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May 4 2006 - Celebrating Families

May 4 2006 - Celebrating Families

Judith Collins Family and Welfare Spokesperson 4 May 2006

Working Hard for Families

Keep Plunket And Parents Connected

It seems PlunketLine has been inundated with even more calls than I reported last week. PlunketLine actually received 135,000 calls per annum and answered 76,000. For an organisation funded to receive and answer between 58,000 to 70,000 calls annually it certainly seems that Plunket went the extra mile. I don't understand how Helen Clark can justify her government's decision to drop PlunketLine.

What is clear is that Plunket has been answering A LOT more calls than what government funding and resources required of them. It really does not make sense that Helen Clark PROMISED to fund PlunketLine. Prior to the 1999 election, Miss Clark was definitely very supportive of PlunketLine. Now she's changed her mind. The number of calls received indicate the huge demand for this service. If any of you haven't yet signed the petition please visit our website at www.national.org.nz and click under health policies and then media releases, or go direct to Plunket www.plunket.org.nz

Warning Signs For Cyf & Msd Merger

Issues facing the most vulnerable members of our society seem to be low on the governments 'to do' list, that is if they want to do anything at all. Like the axing of PlunketLine, the proposed merger between Child Youth and Family and the Ministry of Social Development is another example of Labour neglecting the needs of our young. Findings from two State Services Commission Reports have finally been released. The first from December last year stated the move will NOT improve conditions for at-risk young people.

The report says challenges faced by CYF would not be easily resolved in a larger organisation. "We do not think they would be more easily resolved and we therefore see no reason why a merger of CYFS with MSD would necessarily assist." It's now obvious that Labour used the merger to conceal CYFs poor performance and 'claim' they were doing something to deal with the situation. Officials have predicted that the merger will cause shakiness at MSD, making the Chief Executive's job very difficult. The last thing we need is problems in MSD areas such as Work and Income and the Office for Disability Issues. The government needs to take responsibility for these very serious issues and talk openly about the effects the merger will have on New Zealand's most vulnerable children.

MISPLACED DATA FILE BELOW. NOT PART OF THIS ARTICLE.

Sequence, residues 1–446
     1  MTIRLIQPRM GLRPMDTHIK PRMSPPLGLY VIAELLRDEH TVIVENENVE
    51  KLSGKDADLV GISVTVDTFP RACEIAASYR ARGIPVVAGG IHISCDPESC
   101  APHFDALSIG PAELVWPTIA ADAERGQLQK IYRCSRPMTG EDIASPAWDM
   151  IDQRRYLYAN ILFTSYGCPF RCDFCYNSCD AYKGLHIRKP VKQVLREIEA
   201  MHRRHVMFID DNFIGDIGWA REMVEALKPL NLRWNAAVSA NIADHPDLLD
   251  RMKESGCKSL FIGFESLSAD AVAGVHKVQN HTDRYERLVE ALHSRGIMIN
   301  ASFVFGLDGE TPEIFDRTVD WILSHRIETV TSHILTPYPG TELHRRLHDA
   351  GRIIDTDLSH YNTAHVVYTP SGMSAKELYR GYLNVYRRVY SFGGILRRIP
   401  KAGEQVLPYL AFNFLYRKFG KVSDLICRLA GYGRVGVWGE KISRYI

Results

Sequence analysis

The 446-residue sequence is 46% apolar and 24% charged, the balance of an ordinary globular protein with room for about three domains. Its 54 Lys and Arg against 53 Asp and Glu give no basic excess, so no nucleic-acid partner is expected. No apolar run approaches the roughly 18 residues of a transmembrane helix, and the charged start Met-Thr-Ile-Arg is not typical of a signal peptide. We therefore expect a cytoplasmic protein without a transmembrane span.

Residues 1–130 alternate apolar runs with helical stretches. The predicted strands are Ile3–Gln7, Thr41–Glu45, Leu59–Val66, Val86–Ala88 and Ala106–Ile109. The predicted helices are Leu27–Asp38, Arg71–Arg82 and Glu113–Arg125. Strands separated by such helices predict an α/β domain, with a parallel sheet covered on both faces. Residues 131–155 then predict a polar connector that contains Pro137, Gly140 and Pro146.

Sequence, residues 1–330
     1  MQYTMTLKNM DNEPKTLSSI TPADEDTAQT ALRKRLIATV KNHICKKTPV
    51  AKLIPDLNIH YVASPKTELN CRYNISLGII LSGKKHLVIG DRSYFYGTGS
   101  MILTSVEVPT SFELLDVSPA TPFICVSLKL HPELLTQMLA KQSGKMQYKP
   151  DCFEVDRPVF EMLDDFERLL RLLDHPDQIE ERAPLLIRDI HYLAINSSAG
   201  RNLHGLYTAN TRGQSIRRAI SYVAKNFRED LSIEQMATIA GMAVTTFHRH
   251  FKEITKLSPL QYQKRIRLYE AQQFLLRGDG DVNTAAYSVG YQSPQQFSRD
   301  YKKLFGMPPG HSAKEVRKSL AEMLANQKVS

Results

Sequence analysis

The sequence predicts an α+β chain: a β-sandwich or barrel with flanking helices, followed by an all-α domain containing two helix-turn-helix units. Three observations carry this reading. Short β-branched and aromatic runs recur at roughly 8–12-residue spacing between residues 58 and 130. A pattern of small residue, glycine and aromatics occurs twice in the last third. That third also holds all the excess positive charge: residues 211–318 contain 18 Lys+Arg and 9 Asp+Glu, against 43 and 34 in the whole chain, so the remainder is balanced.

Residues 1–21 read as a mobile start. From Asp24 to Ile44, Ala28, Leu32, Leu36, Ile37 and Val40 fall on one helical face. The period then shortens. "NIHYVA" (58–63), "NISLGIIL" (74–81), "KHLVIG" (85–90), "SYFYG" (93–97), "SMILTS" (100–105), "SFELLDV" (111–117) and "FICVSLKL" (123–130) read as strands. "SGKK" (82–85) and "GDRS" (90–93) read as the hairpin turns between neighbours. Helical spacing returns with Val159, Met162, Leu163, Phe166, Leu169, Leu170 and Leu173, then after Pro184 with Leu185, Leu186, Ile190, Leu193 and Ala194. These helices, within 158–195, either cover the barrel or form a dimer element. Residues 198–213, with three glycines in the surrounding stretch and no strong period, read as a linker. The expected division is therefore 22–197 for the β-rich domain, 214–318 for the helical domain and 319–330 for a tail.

Strangely, one month later, in January, the Commission had completely changed its mind. I want to know why? Senior staff at CYF and MSD were only told of the merger in January. There wasn't time for proper consultation as to its ramifications. All talk of better outcomes for children is a farce. Today, the Minister of State Services, Annette King, told Parliament that she did not know why the Commission had changed its tune.

Frankly, if she doesn't know, why doesn't she? The perception of independence of the Commission is under threat if there are no reasons given for such an about face. Today, the Minister did the Commission no favours in that regard.

Commission Not Working For Families

The National Council of Women of New Zealand (NCWNZ) remains unconvinced by the Families Commission acceptance of reassurances from the Ministry of Health in respect to funding being withdrawn from PlunketLine in favour of the multi-national drug company McKesson's Healthline service.

The Council has said "The Families Commission's response demonstrates its full comprehension of the Ministry of Health requirements but they have not consulted with the other party in this debate - Plunket. The Council considers that the Commission has not practiced their acknowledged role of ensuring the families' voice is heard at all levels."

"If the Commission is only capable of seeking government information, then families will be left asking why it exists - could the Commission's work not be undertaken by existing government agencies, such as the Child, Youth and Family department of the Ministry of Social Development?"

"The public expectation of the Commission is that they will go into bat for families. Resumption of funding at an increased level to meet the increasing demand for the PlunketLine service is what the public wants," said Christine Low. "It is vital to recognise that families use PlunketLine for their WellChild advice, which acknowledges that families are included in the wellbeing of all children. The high percentage of calls (86%) resolved without medical intervention provides a gauge of the nature of health and parenting questions responded to by PlunketLine. To simplify this service by suggesting that "clinical" health advice will meet the needs of families is completely off the mark."

"Instead of the Commission waiting for the figures from the PlunketLine petition to provide a measure of public sentiment, NCWNZ challenges the Families Commission to use its online public consultation portal ("The Couch" http://www.thecouch.org.nz) to discover which body families would like to see offering the WellChild service."

"At this stage, the NCWNZ concern is that the Families Commission consultation service will be able to manage the volume of new subscribers they can expect to receive if the Commission accepts our challenge," concluded Christine Low, National President.

I couldn't have put it better myself. The Families Commission has yet again run to the rescue of the government. If the Commission wants any credibility of being an independent advocate for families, it has chosen an unusual way to demonstrate its so called independence.

ENDS

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